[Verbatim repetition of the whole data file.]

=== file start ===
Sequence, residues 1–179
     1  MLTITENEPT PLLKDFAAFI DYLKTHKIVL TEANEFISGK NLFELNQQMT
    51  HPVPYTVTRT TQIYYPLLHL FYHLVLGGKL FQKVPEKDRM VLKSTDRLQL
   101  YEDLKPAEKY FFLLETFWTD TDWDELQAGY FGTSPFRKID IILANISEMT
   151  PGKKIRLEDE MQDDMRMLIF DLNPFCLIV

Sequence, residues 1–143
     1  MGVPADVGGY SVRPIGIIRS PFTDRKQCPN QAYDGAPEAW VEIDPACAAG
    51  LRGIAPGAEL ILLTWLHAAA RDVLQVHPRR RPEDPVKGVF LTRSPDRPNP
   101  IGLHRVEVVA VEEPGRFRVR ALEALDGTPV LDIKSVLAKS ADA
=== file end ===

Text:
Sequence, residues 1–179
     1  MLTITENEPT PLLKDFAAFI DYLKTHKIVL TEANEFISGK NLFELNQQMT
    51  HPVPYTVTRT TQIYYPLLHL FYHLVLGGKL FQKVPEKDRM VLKSTDRLQL
   101  YEDLKPAEKY FFLLETFWTD TDWDELQAGY FGTSPFRKID IILANISEMT
   151  PGKKIRLEDE MQDDMRMLIF DLNPFCLIV

Sequence, residues 1–143
     1  MGVPADVGGY SVRPIGIIRS PFTDRKQCPN QAYDGAPEAW VEIDPACAAG
    51  LRGIAPGAEL ILLTWLHAAA RDVLQVHPRR RPEDPVKGVF LTRSPDRPNP
   101  IGLHRVEVVA VEEPGRFRVR ALEALDGTPV LDIKSVLAKS ADA